percent or more of the interests are held by an individual who acquired title from a relative, whether living or deceased, or 20 percent or more of the cotenants are relatives. Also, to fit the definition of “heirs property,” the land must not be the subject of an agreement in a record binding all the cotenants which governs the partition of the property and one or more of the cotenants must have acquired title from a relative, whether living or deceased. 5. See, e.g. Hurt-Hoover Investments, LLC v. Fulmer, 2014 Ark. 461, 448 S.W.3d 696; Dotson v. City of Lowell, 375 Ark. 89, 289 S.W.3d 55 (2008) and Wright v. Centerpoint Energy Resources Corp., 372 Ark. 330, 276 S.W.3d 253 (2008). 6. The bill was drafted by Professor John Watkins who also provided advice, analysis and testimony. 7. Acts that do not contain an emergency clause or a specified effective date become effective on the 91st day following the date that the General Assembly adjourns sine die the session at which they were enacted. According to the method of calculation stated in Ark. Atty. Gen. Op. 2015-044 (April 29, 2015), the effective date for acts of the 90th General Assembly that do not contain an emergency clause or a specified effective date was July 22, 2015. 8. Senate Bill 838 was introduced by Senator David Johnson and House Bill 1720 was introduced by Representative Matthew Shepherd as “shell bills.” They did not move forward because the problem was resolved through the described administrative solution. 9. Senator Stephanie Flowers, Representative Marshall Wright and Representative Camille Bennett were also sponsors of Senate Bill 172. 10. On the Internet, go to the home page of the legislative website - http://www.arkleg.state.ar.us. Then, in the right margin, under the heading “Documents - 2015 Regular Session” select “Summary of General Legislation” which is the third subcategory under “Documents – 2015 Regular Session.” That will display the Summary. If you wish to review individual acts, on the homepage of the legislative website (http://www.arkleg.state. ar.us), in the left margin select “Search Acts.” Note: Much of the material in this article is taken from the Summary of General Legislation prepared by the Bureau of Legislative Research. 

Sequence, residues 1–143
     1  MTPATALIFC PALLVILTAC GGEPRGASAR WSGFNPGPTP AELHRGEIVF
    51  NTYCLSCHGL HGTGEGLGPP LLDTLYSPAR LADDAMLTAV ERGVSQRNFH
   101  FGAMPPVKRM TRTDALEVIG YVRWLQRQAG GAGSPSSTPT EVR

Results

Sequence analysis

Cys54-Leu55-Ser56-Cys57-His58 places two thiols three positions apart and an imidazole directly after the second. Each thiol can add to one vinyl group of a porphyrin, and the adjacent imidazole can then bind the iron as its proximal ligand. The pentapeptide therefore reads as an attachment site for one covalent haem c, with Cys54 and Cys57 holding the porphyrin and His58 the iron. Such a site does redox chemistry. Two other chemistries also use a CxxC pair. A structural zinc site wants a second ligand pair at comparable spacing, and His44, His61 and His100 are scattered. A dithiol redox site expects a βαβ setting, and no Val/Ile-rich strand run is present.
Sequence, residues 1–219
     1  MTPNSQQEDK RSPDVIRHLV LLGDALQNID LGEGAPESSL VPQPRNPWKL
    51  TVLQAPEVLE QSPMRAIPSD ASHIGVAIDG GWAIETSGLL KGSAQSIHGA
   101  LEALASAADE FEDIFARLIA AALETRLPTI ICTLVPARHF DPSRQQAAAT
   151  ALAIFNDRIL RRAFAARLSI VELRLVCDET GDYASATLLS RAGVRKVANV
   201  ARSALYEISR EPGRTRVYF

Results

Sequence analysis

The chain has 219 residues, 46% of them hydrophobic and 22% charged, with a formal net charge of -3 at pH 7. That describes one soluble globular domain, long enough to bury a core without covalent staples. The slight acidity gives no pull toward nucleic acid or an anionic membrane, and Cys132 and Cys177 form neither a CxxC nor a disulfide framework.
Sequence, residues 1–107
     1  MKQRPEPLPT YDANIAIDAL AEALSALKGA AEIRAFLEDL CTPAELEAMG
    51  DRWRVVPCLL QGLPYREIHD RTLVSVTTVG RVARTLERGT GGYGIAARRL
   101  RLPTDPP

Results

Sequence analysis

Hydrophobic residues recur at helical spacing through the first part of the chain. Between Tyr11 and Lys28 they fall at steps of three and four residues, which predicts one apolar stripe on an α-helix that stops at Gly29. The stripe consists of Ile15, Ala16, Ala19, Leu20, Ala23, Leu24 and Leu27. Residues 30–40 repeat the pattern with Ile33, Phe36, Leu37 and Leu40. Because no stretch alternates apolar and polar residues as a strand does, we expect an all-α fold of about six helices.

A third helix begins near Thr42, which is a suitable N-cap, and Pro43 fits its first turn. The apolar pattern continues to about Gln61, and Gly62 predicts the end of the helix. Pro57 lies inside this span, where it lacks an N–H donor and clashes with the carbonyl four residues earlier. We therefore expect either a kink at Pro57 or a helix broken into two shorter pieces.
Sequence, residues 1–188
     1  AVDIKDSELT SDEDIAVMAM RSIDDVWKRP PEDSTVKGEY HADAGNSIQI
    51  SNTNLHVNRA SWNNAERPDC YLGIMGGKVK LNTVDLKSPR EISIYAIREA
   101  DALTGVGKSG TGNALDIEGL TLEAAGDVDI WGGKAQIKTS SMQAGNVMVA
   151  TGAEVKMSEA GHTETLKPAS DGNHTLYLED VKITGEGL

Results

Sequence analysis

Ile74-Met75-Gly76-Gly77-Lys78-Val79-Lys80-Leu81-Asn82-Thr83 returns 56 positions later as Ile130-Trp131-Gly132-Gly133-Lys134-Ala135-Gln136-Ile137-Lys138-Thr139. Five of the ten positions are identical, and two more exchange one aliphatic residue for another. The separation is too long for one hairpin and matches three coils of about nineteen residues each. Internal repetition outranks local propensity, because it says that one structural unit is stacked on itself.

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Language Matters

By Mara Simmons

A young man named José is arrested and taken to the police station for questioning. José speaks no English, and the police department finds a bilingual individual through a telephonic interpreting agency to assist in communication. The following is an English translation of the actual transcription of the unqualified bilingual person’s “interpretation” of the Miranda warning: “Do you know that you have the right to talk the question with your attorney that you answer the questions? This is the second continuation of the third question that he gave you before. You know that you have the right if you can’t get an attorney they can give you one to talk for you. You have the right to make the answers if you want at any time if that is the right that you have.” When non-certified or unqualified interpreters are used in the judiciary process, such as in the above example, everyone involved in the criminal procedure is affected, confessions become inadmissible, and court hearings are delayed, wasting the state’s resources. Unfortunately this has been and continues to be problematic. The importance of an interpreter is not to merely speak the target language, but to convey the meaning properly, without omitting or changing any details.